When the ice from the last ice age started to melt 15,000 years ago, the oceans started to rise, but not before mastodons, wooly mammoths, horses, camels, buffaloes, giant ground sloths and other vanished live forms, swarmed, lived and died over the vast grasslands of coastal Georgia. In the last 15,000 years, some of coastal Georgia was gradually flooded by rising ocean waters, so that explains how we can have both ocean and land fossils off the coast of Georgia.

But the oceans continue to rise as we are in an extended period of global warming with the oceans rising by one – eighth inch per year. That seems like a small amount, and it is, but over time it mounts up and over just a few hundred years, water will be flooding into our coastal cities like Miami, Washington DC, and New York. We can try to slow it down but eventually the water will win until the earth enters another cooling period. But let us get back to finding meg teeth!

As Eberlein slowed down his large boat off the southern end of St Catherine’s Island, he quickly eased into his skin-diving wet suit, put on his air tanks and weight belt. He explained that visibility in the water was only a few inches as he creeps and crawls on the bottom to feel with his fingers for meg teeth and other fossils in the dark, cold water! It sounded rather spooky to us! To ensure his safety, Eberlein snapped his 150-foot search line to the anchor line, that rests on the bottom, so that he can drift a short distance from the boat. Then he flipped off the boat into the 30-60 feet deep water and disappeared into the murky water.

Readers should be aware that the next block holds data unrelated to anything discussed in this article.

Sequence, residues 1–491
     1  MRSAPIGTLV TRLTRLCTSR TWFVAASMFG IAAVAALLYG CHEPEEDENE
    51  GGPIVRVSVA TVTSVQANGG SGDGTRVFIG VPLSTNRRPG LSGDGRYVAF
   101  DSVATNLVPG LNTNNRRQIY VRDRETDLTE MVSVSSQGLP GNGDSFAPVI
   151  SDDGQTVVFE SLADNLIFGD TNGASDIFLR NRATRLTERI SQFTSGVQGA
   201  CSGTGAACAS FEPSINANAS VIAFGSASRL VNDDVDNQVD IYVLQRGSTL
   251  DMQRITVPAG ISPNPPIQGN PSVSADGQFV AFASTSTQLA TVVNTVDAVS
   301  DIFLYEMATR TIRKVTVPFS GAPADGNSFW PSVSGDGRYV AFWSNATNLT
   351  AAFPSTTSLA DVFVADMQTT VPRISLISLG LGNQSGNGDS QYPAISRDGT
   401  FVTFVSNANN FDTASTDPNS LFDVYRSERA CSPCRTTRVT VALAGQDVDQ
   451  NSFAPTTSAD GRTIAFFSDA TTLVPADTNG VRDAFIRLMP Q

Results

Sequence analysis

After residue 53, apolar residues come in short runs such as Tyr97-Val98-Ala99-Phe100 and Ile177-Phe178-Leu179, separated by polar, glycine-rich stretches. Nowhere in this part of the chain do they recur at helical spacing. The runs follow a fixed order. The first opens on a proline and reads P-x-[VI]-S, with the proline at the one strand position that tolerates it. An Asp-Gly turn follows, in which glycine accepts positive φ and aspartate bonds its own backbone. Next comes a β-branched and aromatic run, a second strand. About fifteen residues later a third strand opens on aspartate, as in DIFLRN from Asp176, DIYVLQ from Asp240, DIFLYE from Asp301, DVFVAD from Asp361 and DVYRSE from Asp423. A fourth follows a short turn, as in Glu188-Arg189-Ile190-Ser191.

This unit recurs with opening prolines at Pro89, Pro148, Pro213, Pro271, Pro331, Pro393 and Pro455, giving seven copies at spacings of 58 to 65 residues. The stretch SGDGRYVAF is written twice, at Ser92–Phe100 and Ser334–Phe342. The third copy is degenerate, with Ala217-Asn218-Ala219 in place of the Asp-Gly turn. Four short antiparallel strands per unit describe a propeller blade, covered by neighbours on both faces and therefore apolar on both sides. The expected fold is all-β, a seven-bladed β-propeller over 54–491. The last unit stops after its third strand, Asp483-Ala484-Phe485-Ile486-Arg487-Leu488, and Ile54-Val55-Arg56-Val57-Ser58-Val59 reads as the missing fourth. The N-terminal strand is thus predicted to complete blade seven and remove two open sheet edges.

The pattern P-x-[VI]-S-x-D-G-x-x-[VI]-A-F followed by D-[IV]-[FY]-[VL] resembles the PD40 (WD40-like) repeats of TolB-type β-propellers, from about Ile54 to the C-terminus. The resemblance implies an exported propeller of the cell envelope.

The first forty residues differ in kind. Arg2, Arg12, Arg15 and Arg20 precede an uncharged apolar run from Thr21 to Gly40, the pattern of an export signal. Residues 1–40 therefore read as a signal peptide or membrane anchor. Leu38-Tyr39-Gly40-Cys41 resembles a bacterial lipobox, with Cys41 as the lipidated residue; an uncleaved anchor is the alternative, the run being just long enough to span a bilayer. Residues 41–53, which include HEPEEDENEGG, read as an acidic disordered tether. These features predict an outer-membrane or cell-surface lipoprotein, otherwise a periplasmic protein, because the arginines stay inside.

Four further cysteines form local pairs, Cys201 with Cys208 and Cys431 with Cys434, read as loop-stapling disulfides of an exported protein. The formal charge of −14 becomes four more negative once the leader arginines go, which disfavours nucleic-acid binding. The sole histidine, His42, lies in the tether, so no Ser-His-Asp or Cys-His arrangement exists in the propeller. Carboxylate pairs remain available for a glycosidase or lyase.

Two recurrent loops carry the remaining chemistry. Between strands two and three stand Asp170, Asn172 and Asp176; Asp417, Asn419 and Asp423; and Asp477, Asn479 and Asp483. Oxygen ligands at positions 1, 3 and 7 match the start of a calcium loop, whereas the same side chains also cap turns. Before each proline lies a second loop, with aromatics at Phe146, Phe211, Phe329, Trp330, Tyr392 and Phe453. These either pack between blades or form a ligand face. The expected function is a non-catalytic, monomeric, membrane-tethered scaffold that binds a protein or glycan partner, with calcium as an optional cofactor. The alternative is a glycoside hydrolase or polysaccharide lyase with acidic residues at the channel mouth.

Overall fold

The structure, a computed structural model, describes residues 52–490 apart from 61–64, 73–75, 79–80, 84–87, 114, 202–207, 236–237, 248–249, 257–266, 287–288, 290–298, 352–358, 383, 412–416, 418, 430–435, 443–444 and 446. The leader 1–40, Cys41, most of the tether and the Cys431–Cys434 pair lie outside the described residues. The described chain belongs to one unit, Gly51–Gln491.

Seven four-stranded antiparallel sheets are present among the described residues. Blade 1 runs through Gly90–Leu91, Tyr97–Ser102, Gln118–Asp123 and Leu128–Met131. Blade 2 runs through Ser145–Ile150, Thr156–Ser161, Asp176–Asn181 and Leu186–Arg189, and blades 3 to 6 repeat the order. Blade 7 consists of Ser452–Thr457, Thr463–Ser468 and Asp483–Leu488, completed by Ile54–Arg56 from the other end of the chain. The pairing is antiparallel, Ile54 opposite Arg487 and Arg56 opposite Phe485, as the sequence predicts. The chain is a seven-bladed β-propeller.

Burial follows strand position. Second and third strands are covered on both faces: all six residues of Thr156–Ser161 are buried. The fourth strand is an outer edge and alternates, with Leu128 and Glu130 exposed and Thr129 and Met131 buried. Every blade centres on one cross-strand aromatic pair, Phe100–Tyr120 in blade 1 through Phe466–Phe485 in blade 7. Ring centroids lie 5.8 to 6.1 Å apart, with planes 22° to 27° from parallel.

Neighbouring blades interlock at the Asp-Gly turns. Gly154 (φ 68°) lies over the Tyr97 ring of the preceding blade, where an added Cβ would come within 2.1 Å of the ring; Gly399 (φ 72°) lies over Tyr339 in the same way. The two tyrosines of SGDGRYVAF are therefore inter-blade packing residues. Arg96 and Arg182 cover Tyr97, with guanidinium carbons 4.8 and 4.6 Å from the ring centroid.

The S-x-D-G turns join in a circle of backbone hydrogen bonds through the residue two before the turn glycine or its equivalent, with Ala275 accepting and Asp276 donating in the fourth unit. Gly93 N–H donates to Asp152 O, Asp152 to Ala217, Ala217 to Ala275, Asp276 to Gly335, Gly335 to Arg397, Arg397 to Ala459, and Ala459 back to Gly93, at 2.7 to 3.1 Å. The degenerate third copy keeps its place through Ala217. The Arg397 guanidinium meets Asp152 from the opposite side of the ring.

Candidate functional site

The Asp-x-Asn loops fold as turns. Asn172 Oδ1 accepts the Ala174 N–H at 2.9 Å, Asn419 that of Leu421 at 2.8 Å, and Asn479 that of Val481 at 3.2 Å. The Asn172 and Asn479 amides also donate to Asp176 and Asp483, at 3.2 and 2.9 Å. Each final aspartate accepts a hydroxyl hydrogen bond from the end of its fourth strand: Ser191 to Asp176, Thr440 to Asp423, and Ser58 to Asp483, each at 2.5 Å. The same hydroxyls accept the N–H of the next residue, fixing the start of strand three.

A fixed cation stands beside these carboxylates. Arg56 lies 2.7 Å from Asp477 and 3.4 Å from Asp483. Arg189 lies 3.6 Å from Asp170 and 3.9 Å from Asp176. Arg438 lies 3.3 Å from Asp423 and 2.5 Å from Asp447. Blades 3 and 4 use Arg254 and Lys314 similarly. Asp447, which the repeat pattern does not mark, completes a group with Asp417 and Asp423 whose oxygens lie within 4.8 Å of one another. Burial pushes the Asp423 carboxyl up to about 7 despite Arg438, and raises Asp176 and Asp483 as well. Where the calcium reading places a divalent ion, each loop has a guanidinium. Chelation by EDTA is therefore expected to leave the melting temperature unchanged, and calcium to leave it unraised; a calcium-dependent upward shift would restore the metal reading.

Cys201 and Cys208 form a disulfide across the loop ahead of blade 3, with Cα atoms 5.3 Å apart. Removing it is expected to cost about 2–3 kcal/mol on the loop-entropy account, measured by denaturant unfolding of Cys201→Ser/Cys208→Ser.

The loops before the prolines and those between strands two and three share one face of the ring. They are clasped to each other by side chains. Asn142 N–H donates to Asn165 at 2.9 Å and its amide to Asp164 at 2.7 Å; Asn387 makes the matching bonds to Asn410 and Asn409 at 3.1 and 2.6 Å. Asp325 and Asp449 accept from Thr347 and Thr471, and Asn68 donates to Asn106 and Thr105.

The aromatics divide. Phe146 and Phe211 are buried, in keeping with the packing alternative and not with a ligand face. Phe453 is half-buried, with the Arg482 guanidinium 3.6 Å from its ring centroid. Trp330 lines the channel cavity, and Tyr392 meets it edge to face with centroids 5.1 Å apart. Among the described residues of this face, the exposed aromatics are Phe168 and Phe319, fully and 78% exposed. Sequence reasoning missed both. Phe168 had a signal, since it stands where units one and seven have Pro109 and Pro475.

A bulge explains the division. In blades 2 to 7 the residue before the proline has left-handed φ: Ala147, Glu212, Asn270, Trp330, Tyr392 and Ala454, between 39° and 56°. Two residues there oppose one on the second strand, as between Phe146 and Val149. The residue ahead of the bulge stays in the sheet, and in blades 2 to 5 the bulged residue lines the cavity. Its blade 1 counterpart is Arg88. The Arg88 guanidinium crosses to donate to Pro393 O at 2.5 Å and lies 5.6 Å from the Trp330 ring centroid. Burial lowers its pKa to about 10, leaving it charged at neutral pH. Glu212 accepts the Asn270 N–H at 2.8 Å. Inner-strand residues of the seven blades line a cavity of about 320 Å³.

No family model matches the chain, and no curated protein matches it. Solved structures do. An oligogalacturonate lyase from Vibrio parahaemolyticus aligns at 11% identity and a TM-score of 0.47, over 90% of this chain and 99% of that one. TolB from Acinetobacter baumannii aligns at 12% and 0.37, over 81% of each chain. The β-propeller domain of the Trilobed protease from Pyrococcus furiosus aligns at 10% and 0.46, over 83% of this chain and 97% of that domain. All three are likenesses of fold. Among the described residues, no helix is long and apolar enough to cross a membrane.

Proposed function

Billie and I were in the boat with Eberlein’s boat Captain, Gene Ashley, who is his business partner and safety Director. Luckily, Ashley was with Eberlein a few years ago when he decided to unhook his safety line and search just a little further from the boat. But an hour later, when his air supply should have run out, Eberlein had not surfaced and was nowhere to be found! Asley called in missing man alarm to the US Coast Guard, the Georgia DNR and the Liberty County Search and Recue team. Hours later Eberlein was found swimming in the water several miles away from his last boat location. He was one lucky man and today he never detaches his safety line!

Eberlein also must often deal with sea creatures that are lurking in the dark waters. Many times, he has grabbed something that moves like a stingray or crab and sometimes  something brushes up next to something that is much bigger than himself like a porpoise or shark. Once he has something clamp down on his fin and spin him around! Feeling defenseless, he just laid on the bottom for a few seconds, thankful to be alive, until he figured the danger had passed! This is not the profession for the faint-hearted person!

About an hour later, Eberlein surfaced from the ocean with his yellow mesh bag filled with meg treasures from the deep! He had found about 18 meg teeth, which was an incredibly good haul for the day. He also found a large mastodon bone that was too heavy to bring to the surface! We laid out the treasures of the deep and closely admired them. Billie and I had an amazing adventure with Eberlein and Ashley and you too can see and buy some of his megalodon teeth for sale and read about his adventures at He often makes appearances at trade shows and craft fairs and can be contacted at  There is even a fun movie about megalodons called “The Megs” starring Jason Statham- check it out. Thanks Bill and be careful out there! To purchase a copy of Trussell’s book, “Saving Oaky Woods” contact him at 478-957-7411.